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Opening comments:  More at the end.
 


Globe & Mail May 25 2000, Thur. - by John Barber

Land comparison reveals province's audacity

TORONTO Comparisons are odious, but in real estate (odious itself, often enough) they are necessary. So let us compare two vacant lots in downtown Toronto.

This is actually a cultural exercise -- an attempt to discern the deeper values embedded in the superficial dollar values assigned to each lot. As my economist friends always say, prices reveal all. Bear with me. One of the lots occupies the southeast corner of Queen Street and University Avenue. It is owned by the people of Ontario. In 1997, the province offered to sell the lot to the Canadian Opera Company for $16-million.

At that time, according to provincial officials, $16-million was the lot's fair-market value. The Mike Harris government was doing its bit to help the COC build its long-coveted new opera house, but that didn't include any special deal on the price of its prime land. Heavens, no.

By the time the offer expired this March, ending the COC's dream of building a new opera house on University Avenue, the market value of the land had more than doubled, according to provincial officials. At that time, Culture Minister Helen Johns contrasted her government's largesse offering such a valuable property at such a low price -- with the stinginess of her federal and municipal counterparts.

The beneficent minister "was offering a $40-million chunk of property at the fire-sale price of $16-million," The Globe and Mail editorialized, noting that the province's "generosity" amounted to "an effective donation of $24-million."

But the deal never went through.

The other lot occupies the northeast corner of Bay and Grosvenor streets. It was owned by the people of Ontario until this January, when the provincial government sold it to Cadillac dealer Clarke Addison for $2-million.

In this case, the Mike Harris government was doing its bit to reward along-time tenant who has sold used cars on the vacant lot for decades, according to spokesmen for the Ontario Realty Corporation.

But that didn't include any special deal on the price of its prime land. Heavens, no. Two million dollars was the fair-market value, officials said. Two vacant lots in downtown Toronto, but the government says that one is worth 20 times more than the other. What gives?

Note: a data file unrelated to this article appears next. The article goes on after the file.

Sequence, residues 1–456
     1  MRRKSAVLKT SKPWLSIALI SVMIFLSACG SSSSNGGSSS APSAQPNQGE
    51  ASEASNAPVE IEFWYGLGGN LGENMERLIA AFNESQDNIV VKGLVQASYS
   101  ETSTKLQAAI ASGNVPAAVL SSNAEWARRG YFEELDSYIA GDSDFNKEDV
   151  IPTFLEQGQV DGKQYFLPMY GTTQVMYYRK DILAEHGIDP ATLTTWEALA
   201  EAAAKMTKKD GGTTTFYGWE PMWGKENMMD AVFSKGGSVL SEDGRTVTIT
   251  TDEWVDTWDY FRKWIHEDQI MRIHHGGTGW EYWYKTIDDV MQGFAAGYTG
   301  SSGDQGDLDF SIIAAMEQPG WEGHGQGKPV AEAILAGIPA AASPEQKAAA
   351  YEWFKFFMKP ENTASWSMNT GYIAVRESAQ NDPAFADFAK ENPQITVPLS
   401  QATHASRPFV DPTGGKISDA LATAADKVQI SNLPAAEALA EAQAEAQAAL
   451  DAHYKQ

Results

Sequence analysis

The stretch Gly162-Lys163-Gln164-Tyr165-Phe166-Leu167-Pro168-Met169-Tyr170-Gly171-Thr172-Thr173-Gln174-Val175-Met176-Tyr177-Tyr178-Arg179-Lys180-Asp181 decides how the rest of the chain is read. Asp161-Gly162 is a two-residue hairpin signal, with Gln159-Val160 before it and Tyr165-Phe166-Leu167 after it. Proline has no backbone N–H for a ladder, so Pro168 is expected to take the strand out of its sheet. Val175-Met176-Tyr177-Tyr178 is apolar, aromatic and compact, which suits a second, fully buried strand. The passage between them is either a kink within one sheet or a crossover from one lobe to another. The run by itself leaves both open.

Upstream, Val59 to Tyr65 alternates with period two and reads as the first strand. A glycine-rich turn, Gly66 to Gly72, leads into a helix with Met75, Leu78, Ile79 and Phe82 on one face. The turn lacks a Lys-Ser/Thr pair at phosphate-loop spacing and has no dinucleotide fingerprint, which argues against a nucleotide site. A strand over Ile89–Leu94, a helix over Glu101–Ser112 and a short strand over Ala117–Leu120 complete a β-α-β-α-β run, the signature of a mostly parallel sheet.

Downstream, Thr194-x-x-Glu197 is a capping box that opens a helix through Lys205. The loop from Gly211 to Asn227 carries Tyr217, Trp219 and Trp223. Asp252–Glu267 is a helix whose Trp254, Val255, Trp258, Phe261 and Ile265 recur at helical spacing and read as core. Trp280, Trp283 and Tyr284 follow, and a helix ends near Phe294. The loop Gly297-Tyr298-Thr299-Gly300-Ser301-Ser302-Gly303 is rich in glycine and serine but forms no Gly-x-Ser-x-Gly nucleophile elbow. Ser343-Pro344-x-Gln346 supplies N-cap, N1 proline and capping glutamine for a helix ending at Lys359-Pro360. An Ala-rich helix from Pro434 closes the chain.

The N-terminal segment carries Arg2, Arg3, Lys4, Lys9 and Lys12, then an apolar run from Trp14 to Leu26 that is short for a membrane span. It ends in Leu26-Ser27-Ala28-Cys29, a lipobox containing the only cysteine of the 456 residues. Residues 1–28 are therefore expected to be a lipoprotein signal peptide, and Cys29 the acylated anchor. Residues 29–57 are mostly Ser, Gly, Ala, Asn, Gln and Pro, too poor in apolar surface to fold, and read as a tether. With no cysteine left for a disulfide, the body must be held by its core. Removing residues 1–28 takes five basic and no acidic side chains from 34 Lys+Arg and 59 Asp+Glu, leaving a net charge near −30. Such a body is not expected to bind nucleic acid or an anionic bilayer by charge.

For one thing, the University Avenue lot is larger than the Bay Street lot. It has similar frontage along its main street -- about 100 metres -- but is more than twice as deep.

The University Avenue site also features higher-density zoning -- an allowable 12 times coverage, versus 7.8 times coverage on Bay. And it has the potential to become an office tower, as opposed to a mixed-use condominium, which could be said to further increase its value.

That premium is hard to determine, because nobody has built an office tower in downtown Toronto for more than a decade, and last year Cadillac Fairview backed out of a deal to build one on University in partnership with the COC.

In the last office boom, some unfortunate (now bankrupt) companies were paying as much as $100 per buildable square foot for prime office sites. The size and density of the University Avenue site combine to permit 900,000 square feet to be built. At $100 a square foot, the opera-house property would be worth $90-million.

It's not, of course -- not today. Today, the lot is worth about the same as any site slated for high-end condos downtown, according to professionals familiar with the market. With several formerly valuable office towers in the core recently converted into condominiums, that seems to make sense. Provincial spin doctors clearly agree. Their $40-million figure translates to $44 per square foot, which is at the high end of the price paid for the best downtown condo sites. (At $35 a square foot, perhaps a more realistic estimate, the site would be worth $31.5-million.)

So, to repeat an earlier question: What gives? If the University Avenue site is worth $44 a square foot, why is the substantially similar Bay Street site worth only $8 a square foot -- the price Addison Properties paid to acquire it in January?

How can provincial officials defend both prices as fair-market value? Maybe they're not both fair prices. Maybe one party got concessions that the other failed to obtain. That's just a guess.

Here's something a lot closer to being certain: If the Harris government extended the same sweet deal it gave Addison Properties to the Canadian Opera Company, Toronto would be watching an opera house rise on that site right now.

Instead, it is holding out for top dollar while audaciously claiming to be generous. With respect to the Addison deal, it discounted a property and is audaciously claiming to be hardheaded.

Used cars or highbrow culture? It's all a matter of values.


[COMMENTS BY DON B. -  ]



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